Between 70% and 90% of patients with obstructive sleep apnea syndrome present arterial hypertension.

Cardiac arrhythmias represent another serious complication of this syndrome. Another cause of disease or death is represented by car accidents caused by sleepiness and/or impaired perception and responsiveness.

In addition to mortality and morbidity rate, patients with obstructive sleep apnea syndrome present a more marked memory impairment and a worse overall quality of life compared to patients without the syndrome.

Other possible complications may include peripheral neuropathy, gastro-esophageal reflux, increased intracranial pressure, optic neuropathy, glaucoma, recurrent delirium, exacerbation of cluster headache.


It is often possible to correct airway defects that cause excessive night snoring and sleep apnea, without an invasive and risky surgery under general anesthesia.

In order to gain a wider space for airflow and a lower vibration of the mucosa, the snore surgeon, i.e. the ENT specialist that takes care of snore therapy, can choose among different nose and throat operative modalities.

Outpatient surgery with co2 (carbon dioxide) ultra-pulse laser requires a local anesthesia in the mucosa to be treated; this way the patient won’t feel any pain during the procedure and the surgeon will be able to operate safely and quickly.

Depending on the patients’ features (snoring intensity and sleep apnea characteristics), the thin beam of the laser can adjust the extension of the uvula, raise the soft palate and reduce the volume of the tonsils without significant bleeding, pain after surgery or hospitalization. Regarding modality and recovery time, oropharyngeal and oral laser surgery can be compared to dental treatment.



When nasal obstruction is present (blocked nose at day, worsening when lying) diodes laser is used to decongest the turbinate mucosa and restore excellent airflow through the nose. Inferior turbinate laser therapy for vasomotor rhinitis only takes a few minutes, is painless, doesn’t require any nasal tampon and its results are quick and lasting.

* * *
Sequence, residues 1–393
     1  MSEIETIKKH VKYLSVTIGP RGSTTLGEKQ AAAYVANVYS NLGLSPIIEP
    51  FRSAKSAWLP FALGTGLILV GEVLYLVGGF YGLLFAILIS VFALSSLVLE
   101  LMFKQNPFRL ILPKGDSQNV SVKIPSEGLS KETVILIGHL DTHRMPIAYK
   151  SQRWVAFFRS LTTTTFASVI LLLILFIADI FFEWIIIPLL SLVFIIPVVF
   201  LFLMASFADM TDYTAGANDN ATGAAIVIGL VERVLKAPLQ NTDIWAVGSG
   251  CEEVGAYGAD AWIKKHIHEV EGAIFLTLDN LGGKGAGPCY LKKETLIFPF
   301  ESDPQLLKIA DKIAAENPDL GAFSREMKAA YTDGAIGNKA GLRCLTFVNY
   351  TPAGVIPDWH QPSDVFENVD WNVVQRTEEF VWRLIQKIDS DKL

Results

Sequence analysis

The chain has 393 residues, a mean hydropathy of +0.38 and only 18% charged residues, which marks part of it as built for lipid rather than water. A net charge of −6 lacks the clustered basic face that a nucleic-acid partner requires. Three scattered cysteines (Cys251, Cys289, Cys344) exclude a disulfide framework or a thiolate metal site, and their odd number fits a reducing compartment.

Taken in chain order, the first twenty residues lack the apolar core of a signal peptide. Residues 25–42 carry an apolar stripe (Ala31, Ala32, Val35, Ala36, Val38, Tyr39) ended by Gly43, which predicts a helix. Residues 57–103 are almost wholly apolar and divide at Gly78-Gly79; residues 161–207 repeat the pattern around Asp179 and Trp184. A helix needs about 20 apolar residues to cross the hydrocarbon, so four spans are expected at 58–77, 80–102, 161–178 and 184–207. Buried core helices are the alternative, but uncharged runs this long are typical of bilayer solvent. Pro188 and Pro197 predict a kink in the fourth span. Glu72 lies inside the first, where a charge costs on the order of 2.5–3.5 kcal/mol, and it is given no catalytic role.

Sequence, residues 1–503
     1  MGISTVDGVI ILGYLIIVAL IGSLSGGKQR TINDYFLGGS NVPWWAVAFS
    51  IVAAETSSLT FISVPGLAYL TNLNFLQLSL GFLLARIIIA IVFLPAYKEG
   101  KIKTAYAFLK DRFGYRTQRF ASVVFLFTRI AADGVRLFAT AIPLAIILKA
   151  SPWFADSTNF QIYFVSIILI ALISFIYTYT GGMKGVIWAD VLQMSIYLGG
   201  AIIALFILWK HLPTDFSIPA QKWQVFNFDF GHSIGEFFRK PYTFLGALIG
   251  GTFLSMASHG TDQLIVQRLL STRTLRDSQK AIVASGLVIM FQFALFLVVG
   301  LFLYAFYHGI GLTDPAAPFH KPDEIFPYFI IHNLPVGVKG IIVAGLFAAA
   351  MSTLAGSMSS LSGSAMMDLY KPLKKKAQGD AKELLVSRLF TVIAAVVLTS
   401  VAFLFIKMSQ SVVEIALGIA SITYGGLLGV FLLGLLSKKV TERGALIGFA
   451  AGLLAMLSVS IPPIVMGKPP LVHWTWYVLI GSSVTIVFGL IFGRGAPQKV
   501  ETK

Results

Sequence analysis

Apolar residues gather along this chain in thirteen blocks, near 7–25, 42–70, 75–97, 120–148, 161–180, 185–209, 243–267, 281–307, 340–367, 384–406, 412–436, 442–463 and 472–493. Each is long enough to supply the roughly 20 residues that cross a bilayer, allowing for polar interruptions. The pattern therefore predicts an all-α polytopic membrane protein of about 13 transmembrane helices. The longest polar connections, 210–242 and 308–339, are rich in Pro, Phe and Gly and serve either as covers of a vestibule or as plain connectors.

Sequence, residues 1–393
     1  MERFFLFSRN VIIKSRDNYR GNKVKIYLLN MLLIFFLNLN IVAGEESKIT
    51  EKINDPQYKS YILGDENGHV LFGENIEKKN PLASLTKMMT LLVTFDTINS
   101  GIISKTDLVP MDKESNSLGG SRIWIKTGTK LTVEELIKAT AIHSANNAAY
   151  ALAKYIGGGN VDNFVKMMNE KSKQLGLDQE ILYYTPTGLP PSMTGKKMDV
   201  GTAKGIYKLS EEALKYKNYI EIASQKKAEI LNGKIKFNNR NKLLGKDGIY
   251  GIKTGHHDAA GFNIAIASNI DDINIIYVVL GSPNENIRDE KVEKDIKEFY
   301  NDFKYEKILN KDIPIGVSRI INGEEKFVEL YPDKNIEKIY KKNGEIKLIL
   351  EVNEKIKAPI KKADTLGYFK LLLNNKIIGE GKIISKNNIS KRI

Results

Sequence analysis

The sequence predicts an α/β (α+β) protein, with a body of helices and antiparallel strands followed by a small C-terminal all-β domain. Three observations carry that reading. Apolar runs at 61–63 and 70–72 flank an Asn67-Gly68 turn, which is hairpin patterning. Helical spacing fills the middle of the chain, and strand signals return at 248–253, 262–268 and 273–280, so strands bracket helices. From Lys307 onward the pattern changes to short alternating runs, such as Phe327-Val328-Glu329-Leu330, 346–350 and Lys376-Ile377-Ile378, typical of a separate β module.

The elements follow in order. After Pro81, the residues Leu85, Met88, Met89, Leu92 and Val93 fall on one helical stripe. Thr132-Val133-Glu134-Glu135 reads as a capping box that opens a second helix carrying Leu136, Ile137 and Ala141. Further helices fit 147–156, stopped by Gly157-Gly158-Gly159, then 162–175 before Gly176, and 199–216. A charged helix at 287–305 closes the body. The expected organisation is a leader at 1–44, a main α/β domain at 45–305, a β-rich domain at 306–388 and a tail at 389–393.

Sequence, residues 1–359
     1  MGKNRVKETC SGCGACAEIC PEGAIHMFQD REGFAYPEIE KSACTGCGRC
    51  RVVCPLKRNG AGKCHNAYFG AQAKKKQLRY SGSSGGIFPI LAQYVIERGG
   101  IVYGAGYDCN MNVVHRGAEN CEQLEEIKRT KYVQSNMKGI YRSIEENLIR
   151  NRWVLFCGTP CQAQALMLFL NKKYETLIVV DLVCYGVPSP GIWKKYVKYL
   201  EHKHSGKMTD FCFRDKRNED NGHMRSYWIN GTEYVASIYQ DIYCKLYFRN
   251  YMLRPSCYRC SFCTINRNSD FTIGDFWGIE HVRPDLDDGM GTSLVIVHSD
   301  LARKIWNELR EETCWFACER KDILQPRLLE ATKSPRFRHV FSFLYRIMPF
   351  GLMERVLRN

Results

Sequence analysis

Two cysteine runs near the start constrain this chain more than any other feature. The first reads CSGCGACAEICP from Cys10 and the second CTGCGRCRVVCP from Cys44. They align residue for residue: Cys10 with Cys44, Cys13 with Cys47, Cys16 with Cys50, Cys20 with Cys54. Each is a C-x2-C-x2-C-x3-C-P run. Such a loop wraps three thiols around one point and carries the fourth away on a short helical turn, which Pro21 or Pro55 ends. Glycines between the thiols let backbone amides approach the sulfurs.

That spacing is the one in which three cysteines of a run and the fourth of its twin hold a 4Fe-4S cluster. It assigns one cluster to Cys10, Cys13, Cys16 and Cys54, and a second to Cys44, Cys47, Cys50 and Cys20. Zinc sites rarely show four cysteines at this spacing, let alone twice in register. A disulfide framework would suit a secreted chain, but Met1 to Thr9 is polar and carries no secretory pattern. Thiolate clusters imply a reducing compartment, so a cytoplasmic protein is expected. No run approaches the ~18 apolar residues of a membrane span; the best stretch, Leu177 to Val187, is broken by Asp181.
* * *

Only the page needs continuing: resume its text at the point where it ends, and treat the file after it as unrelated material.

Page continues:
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Another effective method to cure snoring and sleep apnea consists in ambulatory treatment of inflamed and swollen mucosa through computerized radio-frequency decongestion (quantum molecular resonance).

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The surgeon inserts a specially designed small hand-piece in the palate, in the uvular prolapse, at the base of the tongue or in the hypertrophic turbinate (according to the defect to be corrected)

The thermal energy produced by radio-frequencies causes the mucosa to stiffen and decrease in volume, leaving its surface untouched. Two results, as it’s easy to understand, can be achieved this way: snoring improvement due to a reduced vibration during the passage of air, and a reduction of sleep apnea due to wider airways.

Last generation computerized radio-frequency surgery is certainly an essential tool for curing obstructive apnea and excessive snoring in a precise, safe, quick and lasting way, reducing excessive mucosa swelling only where necessary, without excising or cutting tissues.

A cura del Dott. Alessandro Valieri, Specialista in Otorinolaringoiatria